A bill in Congress would restore highway funding to productive levels in part by reducing the share that goes to pay for mass transit and other non-highway uses.
The bill is HR1461, the Developing Roadway Infrastructure for a Vibrant Economy Act, or DRIVE Act, filed by U.S. Rep. Thomas Massie, R-Ky, on Friday, March 19.
Congress is facing a deadline of May 31 to pass at least a temporary funding bill to extend the life of the Highway Trust Fund. The trust fund is where fuel taxes and other transportation user fees are collected and doled out to pay for federal and state transportation programs.
Massie points out that fuel taxes were established to pay for federal highways and bridges, but over time have been used to fund mass transit and other non-highway projects.
“Currently, gas tax revenue is diverted from the federal Highway Trust Fund for bike paths, sidewalks, mass transit, and other local projects,” Massie stated in a news release.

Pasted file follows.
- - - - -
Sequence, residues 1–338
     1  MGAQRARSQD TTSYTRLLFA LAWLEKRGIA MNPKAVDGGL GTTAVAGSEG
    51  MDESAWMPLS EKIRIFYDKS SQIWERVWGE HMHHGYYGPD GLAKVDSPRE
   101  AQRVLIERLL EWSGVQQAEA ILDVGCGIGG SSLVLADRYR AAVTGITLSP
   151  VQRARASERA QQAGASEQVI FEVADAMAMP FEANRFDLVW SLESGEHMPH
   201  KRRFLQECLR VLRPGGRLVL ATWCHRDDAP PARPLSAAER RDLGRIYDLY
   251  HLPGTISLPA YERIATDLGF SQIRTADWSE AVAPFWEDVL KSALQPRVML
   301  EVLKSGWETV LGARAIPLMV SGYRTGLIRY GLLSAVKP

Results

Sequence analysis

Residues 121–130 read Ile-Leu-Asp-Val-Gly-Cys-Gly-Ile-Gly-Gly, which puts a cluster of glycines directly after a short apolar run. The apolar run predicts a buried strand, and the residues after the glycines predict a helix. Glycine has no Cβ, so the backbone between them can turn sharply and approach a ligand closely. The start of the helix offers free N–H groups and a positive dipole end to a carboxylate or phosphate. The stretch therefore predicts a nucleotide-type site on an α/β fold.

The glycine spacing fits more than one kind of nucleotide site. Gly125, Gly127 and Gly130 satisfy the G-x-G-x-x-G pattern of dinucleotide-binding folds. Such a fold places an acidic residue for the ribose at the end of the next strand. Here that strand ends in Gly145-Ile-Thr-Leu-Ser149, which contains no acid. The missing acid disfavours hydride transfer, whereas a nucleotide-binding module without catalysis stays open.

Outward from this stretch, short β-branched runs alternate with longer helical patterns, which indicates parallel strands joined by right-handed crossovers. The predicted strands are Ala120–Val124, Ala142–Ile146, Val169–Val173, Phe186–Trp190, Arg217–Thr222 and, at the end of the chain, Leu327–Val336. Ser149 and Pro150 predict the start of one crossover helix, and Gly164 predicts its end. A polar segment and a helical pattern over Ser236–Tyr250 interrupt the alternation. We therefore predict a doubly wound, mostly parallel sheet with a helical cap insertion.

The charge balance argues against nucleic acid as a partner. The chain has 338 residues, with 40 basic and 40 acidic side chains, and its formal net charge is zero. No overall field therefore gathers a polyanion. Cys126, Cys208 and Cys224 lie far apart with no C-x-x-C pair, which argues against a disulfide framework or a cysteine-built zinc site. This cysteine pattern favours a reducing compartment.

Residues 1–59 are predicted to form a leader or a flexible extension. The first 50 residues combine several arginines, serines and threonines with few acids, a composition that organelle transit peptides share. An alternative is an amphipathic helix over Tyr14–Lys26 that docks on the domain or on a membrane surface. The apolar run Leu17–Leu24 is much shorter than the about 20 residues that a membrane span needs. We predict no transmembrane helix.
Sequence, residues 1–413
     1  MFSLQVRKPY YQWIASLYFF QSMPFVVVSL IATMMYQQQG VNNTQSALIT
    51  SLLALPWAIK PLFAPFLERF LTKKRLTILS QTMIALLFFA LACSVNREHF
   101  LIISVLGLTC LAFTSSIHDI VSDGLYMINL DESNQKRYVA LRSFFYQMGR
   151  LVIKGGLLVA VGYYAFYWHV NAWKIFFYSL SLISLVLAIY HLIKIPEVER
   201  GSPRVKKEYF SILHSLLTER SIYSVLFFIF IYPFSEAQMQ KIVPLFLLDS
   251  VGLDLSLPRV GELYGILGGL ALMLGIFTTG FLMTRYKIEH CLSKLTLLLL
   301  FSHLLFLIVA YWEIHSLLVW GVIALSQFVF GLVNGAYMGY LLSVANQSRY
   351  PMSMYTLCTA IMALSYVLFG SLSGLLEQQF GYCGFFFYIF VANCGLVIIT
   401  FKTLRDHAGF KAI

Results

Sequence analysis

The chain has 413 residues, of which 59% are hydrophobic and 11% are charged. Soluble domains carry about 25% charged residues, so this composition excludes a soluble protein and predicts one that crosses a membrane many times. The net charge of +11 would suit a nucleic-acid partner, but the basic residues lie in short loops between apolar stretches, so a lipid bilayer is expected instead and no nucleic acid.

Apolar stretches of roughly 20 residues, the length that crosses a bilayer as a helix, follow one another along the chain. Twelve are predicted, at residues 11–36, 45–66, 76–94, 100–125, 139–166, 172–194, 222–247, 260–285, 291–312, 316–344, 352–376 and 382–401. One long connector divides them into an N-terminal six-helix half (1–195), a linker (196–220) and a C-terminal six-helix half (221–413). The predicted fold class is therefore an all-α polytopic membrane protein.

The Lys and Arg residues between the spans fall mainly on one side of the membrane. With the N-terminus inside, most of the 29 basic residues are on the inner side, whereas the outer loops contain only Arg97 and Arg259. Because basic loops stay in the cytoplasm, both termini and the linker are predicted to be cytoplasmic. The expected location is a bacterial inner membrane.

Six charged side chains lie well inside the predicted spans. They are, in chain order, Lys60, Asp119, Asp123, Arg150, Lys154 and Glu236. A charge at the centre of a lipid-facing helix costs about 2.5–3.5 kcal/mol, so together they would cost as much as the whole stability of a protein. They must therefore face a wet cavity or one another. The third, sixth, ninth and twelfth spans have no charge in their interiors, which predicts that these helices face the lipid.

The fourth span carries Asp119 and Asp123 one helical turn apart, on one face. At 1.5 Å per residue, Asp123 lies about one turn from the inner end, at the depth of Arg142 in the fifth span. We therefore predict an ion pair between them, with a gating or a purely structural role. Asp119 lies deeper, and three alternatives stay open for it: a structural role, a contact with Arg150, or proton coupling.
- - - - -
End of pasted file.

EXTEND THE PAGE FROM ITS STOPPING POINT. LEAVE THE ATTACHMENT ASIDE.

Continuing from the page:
“But due to inflation and fuel efficiency improvements of today’s vehicles, there is no longer enough money in the Highway Trust Fund to maintain our nation’s critical highways and bridges while also funding local projects that have no federal nexus. By eliminating diversion of gas tax revenues, the DRIVE Act ensures that the Highway Trust Fund can fulfill its namesake duty – to fund highways, without an increase in the gas tax rate.”
HR1461 has been referred to the House Transportation and Infrastructure Committee as well as the Ways and Means Committee.
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